As much as we tend to tout freelancers as being born with the attributes to succeed in their business, the truth is that the most successful ones are those who have dedicated their passion to what they choose. The same goes for freelance software developers, as the benefits this career path presents outweigh the challenges it has.
Looking at it from one perspective, you stand to earn much more compared to a salaried software developer, and you also have opportunities to work at your own schedule and location. You are also in charge of your own marketing, accounting, and management of the business. However, you may still want some pointers to help you make things work, so we will delve into some of them in this article.
This is probably among the greatest challenges that a freelancer faces, especially when starting out. In the past, the common method of finding new work was through your professional and personal networks, like friends and employers. However, things have changed in the modern freelance arena, and there are many jobs that a freelance developer can access through specific platforms like dormzi, Freelancer and Subspace.
Some tips to use here can include:
- Avoid applying to any job you can find – this will simply waste your time, and the clients will see that you are insincere in your applications (especially if you just copy and paste your resume to anyone). Always keep your skillset in mind and apply for jobs that align with that.
- Try out different platforms – this will help you to know which ones you prefer, as well as those that provide you with constant, well-paying projects.
- Accept jobs first and learn them as you go – not all the job offers you get will be entirely familiar to you, but the good news is that you can learn some languages and frameworks on the fly and you are also receiving payment as you learn.
Getting reliable and paying clients
When you land a prospective client, it is the time to sell your skills and what you can do, in order to convince them you are a worthy choice. This will involve you sending a pitch, and connecting to the client through phone or email – the aim is to show them you are trustworthy. Some tips to apply here include:
- Avoid starting a job without a signed agreement – when there is a solid contract in place, both parties will remain civil and stick to their end of the bargain.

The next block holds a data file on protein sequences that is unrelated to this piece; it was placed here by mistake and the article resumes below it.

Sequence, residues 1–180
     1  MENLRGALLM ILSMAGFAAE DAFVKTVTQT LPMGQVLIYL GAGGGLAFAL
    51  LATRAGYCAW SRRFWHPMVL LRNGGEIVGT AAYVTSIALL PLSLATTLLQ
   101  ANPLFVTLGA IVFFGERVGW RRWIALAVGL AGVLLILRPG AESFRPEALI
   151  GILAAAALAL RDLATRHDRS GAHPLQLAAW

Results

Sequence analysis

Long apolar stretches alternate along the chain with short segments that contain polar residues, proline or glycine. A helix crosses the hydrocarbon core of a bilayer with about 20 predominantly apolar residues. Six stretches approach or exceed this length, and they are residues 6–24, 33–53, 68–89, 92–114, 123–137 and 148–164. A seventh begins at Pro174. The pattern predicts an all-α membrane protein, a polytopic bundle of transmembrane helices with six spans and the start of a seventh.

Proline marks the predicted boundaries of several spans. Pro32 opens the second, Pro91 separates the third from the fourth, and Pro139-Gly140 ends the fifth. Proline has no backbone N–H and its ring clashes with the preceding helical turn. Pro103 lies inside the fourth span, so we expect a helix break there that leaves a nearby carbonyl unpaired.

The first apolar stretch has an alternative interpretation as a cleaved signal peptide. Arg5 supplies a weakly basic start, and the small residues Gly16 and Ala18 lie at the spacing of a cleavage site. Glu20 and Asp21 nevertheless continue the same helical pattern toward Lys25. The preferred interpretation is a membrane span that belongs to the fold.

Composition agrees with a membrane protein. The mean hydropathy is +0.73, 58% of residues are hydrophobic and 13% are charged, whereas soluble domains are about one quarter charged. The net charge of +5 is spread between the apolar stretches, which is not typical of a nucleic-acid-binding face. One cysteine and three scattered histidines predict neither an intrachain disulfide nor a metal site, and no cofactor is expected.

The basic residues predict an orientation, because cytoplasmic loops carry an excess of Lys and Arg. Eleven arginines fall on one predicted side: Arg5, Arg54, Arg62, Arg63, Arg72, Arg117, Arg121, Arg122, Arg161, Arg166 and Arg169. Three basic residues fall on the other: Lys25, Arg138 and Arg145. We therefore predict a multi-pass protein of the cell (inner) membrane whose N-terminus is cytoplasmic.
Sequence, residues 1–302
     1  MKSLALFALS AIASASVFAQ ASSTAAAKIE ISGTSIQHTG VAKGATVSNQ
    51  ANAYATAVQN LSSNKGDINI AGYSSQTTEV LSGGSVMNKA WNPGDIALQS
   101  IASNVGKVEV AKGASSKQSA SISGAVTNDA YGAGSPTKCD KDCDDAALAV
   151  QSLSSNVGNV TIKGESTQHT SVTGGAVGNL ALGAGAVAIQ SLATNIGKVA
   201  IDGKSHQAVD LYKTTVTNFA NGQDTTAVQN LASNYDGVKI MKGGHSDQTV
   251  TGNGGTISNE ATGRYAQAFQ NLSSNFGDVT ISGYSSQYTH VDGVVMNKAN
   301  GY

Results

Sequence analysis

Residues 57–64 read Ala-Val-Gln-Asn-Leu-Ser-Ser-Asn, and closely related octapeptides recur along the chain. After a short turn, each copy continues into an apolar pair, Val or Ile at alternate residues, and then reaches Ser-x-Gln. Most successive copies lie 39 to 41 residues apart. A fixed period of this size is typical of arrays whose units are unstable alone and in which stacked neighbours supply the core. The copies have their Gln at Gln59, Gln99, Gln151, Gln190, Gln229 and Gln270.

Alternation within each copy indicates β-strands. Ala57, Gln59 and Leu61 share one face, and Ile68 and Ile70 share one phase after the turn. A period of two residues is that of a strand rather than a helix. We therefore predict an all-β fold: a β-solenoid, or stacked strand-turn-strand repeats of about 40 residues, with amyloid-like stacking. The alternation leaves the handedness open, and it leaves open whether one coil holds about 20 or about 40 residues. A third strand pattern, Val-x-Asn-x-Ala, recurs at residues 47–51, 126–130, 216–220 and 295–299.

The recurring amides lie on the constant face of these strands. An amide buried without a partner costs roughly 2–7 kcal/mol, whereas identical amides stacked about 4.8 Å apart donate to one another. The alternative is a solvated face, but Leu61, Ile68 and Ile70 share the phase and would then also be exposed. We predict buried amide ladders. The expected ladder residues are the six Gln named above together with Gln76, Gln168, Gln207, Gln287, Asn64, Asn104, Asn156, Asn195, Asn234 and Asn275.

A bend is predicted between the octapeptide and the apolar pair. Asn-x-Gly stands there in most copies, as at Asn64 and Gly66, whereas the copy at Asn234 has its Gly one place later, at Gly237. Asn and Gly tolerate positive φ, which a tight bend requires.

- Find useful tools that can draft a contract template – if you are not sure how to draft a contract template, you can always Google it or check services like LegalZoom for free templates. In addition, you can also incorporate e-signature services to settle things quickly for the client.
All you will need in order to receive payments is a bank account, and you can email the client the invoices in PDF format, as well as sending the information to their billing departments. The invoice information should also include your address, account number and bank routing information, and then the client will pay using a check or deposit.
Since many freelancers experience this issue of receiving payments on time, some pointers to keep in mind include:
- Avoiding free work – if the client asking you to do the job is not willing to pay you some compensation, then they are devaluing your efforts. Avoid them as much as possible.
- For a new client, always charge them a ½ deposit fee before you start the job – this will ensure you protect yourself from clients who may take advantage of you when you are done with the work.
- Know whether you should charge per hour or per project – if you have tackled a project before and a client wants you to do it again, charge by the project. However, hourly charges are better if the project is likely to drag on for a while or is a big unknown.
- Make a walk-away fund – from the beginning of your freelancing career, begin saving money as aggressively as possible. Put it into your healthcare, taxes, and savings, and this will also prevent you from taking bad clients in the future because you will not be as desperate.
Pursuing a freelance software career is worth the time you spend in it, because you learn a lot of things when choosing projects to work on.